What do Queen Anne, Alexander the Great, and Beethoven have in common? Surprisingly, it’s…gout. Once thought to be a disease of the wealthy brought on by too much rich food and drink, gout is now recognized to affect people from all walks of life.(1) Today, around five percent of Canadian men and two percent of Canadian women have gout.(2)
Gout is a type of arthritis that is caused by a surplus of uric acid in the body.(1;3) This excess can trigger the formation of urate crystals in joints, cartilage, tendons, and bones, causing inflammation, swelling, and pain.(3)
Gout flare-ups can be sudden (1) and can increase in frequency, length, and severity in certain people.(3) For some, gout is so severe that it can interfere with everyday activities, work, and family life. It also contributes to multiple doctors visits or even visits to the emergency department.(4)
While many associate gout with being overweight – and this does increase your risk (5) – gout is also linked to kidney disease (6), drinking large amounts of alcohol (7), and eating foods that are high in purines (e.g. meats, seafood, peas, beans, lentils, spinach).(8) Risk for the disease increases with age; and males are at a higher risk than females.(1;2)
New research has explored the best ways to treat a gout attack.
What the research tells us
The findings of a systematic review – which align with recommendations in a practice guideline for doctors – determined that several medications are effective in reducing pain from a gout attack, but each comes with specific side effects. While colchicine reduces pain from gout, even in low doses, its common side effects include diarrhea, nausea, vomiting, and cramps.(3;9) Comparison of different nonsteroidal anti-inflammatory drugs (NSAIDs) to one another (3) or to steroids (3;10) found they have similar effectiveness in reducing pain, however steroids produce fewer stomach and intestine related side effects, while NSAIDs cause fewer skin related issues such as a rash.(3;9)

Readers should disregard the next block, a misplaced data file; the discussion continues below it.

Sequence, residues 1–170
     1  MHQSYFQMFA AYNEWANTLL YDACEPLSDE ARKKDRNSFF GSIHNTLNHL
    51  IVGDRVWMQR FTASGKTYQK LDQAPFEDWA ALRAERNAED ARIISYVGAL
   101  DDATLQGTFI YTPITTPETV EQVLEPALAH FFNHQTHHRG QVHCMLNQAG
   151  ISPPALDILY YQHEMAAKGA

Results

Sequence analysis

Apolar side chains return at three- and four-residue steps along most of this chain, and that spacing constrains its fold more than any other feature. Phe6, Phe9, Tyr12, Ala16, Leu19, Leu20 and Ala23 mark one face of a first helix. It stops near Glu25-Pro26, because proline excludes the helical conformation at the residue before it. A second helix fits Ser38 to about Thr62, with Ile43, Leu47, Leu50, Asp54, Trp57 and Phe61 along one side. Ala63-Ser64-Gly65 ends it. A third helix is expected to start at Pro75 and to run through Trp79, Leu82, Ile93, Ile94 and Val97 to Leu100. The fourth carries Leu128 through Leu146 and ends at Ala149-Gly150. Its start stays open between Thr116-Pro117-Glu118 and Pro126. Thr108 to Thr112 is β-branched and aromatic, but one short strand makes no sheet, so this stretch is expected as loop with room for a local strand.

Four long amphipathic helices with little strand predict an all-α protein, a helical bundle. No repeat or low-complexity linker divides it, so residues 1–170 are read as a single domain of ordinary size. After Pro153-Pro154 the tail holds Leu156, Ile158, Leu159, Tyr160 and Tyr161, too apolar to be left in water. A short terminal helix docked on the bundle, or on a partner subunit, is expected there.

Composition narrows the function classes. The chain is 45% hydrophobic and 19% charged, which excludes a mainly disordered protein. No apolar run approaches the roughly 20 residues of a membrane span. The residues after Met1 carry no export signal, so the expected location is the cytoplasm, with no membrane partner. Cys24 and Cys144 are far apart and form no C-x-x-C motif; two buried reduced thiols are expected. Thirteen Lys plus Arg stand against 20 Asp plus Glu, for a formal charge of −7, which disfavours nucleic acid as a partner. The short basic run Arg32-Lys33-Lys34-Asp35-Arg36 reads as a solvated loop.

In addition to pain relief, it was found that some medications like febuxostat and allopurinol can lower urate levels and prevent future gout episodes when used long-term.(3) A doctor may recommend this treatment for people who get gout frequently. These medications should not be used, however, after an initial attack of gout or in people who do not get gout often.(3;9)
The current evidence does not support non-drug treatments like traditional Chinese medicine, and changes to lifestyle and diet.(3)
If gout has made an unwelcome appearance in your life, speak with your health care provider about what treatment is best for you. You should discuss the possible benefits, risks, and cost of each medication, as well as your preferences.